Chief Medical Officer, Dr Michael McBride, along with his counterparts in England, Scotland and Wales, have jointly released new advice on physical activity for expectant mothers — believed to be the first of its kind in the world.
This new advice is being issued in the form of an infographic, aimed at providing midwives, nurses, GPs, obstetricians, gynaecologists, as well as the leisure sector, with the latest evidence on physical activity during pregnancy.
Chief Medical Officer Dr Michael McBride said: “This new advice for pregnant women is designed to provide practical help about the types of activities that are safe to do during pregnancy.
“Participating in safe, responsible and appropriate physical activity whilst pregnant can have many health benefits. Research shows that taking regular physical exercise during pregnancy can boost the immune system, help to prevent health risks such as Type 2 diabetes in addition to improving mental health and wellbeing.
“We encourage pregnant women to listen to their bodies and adapt their exercise accordingly. As a general rule, if it feels pleasant, keep going; if it is uncomfortable, then stop and seek advice from your health professional.”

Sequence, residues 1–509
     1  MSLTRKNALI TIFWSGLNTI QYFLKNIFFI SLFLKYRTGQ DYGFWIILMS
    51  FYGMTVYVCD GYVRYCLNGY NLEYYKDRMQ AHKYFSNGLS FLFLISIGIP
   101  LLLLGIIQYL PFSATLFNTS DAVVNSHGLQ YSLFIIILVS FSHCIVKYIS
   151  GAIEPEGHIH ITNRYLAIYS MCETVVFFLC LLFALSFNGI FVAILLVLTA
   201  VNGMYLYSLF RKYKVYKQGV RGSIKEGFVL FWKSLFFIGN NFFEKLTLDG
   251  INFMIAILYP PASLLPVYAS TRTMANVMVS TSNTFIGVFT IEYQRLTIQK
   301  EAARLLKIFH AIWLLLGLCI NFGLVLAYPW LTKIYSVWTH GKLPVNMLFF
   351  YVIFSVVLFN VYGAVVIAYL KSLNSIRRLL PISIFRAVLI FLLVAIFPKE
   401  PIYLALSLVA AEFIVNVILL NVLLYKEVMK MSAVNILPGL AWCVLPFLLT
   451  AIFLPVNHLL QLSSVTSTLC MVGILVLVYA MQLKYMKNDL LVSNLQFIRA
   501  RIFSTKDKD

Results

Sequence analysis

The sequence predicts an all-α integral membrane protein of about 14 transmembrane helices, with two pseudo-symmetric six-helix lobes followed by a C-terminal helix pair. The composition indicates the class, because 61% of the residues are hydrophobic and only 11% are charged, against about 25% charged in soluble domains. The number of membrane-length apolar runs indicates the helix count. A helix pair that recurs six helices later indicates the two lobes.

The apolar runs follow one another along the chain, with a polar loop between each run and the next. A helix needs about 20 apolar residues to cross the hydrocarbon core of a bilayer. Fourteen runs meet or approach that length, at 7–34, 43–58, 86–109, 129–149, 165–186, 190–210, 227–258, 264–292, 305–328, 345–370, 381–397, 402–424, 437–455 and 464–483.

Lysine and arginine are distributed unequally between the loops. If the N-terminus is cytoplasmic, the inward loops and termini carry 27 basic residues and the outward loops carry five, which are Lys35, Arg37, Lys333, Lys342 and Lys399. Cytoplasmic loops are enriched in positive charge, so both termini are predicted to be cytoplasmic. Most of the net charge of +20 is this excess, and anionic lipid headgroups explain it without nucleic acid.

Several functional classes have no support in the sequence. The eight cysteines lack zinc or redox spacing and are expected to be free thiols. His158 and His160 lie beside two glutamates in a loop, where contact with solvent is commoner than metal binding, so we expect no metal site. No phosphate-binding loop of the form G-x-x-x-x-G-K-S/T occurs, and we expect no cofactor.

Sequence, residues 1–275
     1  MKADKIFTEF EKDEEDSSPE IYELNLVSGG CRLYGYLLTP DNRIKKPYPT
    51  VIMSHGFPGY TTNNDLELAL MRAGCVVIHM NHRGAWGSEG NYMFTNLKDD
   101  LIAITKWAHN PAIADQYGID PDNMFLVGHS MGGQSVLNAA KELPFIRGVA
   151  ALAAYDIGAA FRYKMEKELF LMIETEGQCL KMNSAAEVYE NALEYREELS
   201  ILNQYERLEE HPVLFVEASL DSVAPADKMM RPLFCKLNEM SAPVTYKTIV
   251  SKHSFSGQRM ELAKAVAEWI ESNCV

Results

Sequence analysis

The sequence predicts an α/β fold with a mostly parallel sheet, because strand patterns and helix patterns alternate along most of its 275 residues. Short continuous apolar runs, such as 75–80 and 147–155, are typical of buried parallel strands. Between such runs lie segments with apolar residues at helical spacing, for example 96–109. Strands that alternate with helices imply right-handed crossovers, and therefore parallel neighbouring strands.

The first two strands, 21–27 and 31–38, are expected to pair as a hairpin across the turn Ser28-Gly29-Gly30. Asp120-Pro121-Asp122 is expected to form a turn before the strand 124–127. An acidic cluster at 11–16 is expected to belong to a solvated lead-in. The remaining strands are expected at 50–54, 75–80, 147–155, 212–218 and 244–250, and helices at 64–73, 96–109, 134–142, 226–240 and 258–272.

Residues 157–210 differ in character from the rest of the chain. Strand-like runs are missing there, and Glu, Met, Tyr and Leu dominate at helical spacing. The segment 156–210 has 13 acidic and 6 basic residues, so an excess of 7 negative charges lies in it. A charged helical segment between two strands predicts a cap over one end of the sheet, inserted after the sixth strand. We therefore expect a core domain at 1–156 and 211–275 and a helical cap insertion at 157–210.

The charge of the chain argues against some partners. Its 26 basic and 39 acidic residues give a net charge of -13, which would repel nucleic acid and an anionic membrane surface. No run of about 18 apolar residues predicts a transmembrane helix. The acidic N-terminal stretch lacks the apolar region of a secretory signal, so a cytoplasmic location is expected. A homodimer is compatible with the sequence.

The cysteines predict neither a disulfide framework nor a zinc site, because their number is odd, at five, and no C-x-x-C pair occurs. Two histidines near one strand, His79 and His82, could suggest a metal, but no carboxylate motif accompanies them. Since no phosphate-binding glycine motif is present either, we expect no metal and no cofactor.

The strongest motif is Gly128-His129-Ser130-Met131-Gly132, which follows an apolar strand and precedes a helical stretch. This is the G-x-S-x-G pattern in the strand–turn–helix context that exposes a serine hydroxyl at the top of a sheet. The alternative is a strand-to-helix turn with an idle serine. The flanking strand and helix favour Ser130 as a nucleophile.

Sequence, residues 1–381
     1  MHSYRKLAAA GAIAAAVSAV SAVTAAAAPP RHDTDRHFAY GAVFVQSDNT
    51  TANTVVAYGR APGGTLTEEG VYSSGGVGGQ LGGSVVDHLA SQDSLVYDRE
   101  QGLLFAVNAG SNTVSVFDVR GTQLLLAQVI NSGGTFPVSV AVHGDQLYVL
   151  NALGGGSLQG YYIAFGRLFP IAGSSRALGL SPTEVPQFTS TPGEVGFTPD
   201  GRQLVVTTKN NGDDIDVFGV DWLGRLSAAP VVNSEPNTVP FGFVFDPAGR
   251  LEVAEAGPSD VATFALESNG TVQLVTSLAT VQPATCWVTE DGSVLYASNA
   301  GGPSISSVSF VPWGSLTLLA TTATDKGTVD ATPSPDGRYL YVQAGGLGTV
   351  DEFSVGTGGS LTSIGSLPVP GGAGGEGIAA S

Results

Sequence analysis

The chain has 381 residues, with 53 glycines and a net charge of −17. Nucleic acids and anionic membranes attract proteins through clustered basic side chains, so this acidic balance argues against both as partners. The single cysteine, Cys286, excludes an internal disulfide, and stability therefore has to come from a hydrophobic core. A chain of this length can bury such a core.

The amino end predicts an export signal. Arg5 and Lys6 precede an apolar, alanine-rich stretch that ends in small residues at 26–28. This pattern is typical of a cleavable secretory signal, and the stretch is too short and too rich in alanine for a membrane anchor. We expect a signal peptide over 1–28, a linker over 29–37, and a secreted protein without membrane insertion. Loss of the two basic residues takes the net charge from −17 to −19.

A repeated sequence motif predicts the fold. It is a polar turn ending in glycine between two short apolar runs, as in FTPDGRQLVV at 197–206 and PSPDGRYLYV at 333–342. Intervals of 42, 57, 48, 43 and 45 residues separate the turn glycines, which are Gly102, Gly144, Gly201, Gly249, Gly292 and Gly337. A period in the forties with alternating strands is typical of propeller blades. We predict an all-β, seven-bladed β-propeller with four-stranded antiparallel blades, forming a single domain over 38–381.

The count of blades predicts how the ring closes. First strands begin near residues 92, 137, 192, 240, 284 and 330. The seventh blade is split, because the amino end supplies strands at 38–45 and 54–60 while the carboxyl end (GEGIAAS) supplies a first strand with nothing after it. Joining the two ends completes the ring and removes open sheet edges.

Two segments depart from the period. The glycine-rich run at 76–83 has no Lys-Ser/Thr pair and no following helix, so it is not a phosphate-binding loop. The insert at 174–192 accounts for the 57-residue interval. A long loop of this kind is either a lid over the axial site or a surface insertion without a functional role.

The new recommendations aim to reduce issues such as obesity, diabetes and other health concerns during pregnancy. Health professionals are encouraged to use this infographic to discuss the benefits of physical activity with all pregnant women, to help them maintain a healthy lifestyle, with approximately 1 in 20 women being recorded as obese during pregnancy.
Notes to editors:
1. The key points are:
- Pregnant women who are already active should be encouraged to maintain their physical activity levels.
- Women may need to adapt their activity throughout their pregnancy. For example, replacing contact sports with a non-contact sport or an appropriate exercise class.
- Importantly, the evidence supporting this infographic found no evidence of harm for maternal or infant resulting from moderate intensity physical activity.
- Those who were not active before their pregnancy are advised to avoid intense exercise, such as running, jogging, racquet sports, and strenuous strength training. But some activities can be adapted.
- The final safety message is a common sense ‘don’t bump the bump’, referring to all activities which place pregnant women at an increased risk of injury through physical contact.
- The study recommends pregnant women avoid activities where there is an increased risk of falling, trauma or high impact injuries. These include skiing, water skiing, surfing, off-road cycling, gymnastics, horse riding and contact sports such as ice hockey, boxing, football or basketball. They are also discouraged from exercise that requires lying flat on their back after the first trimester.
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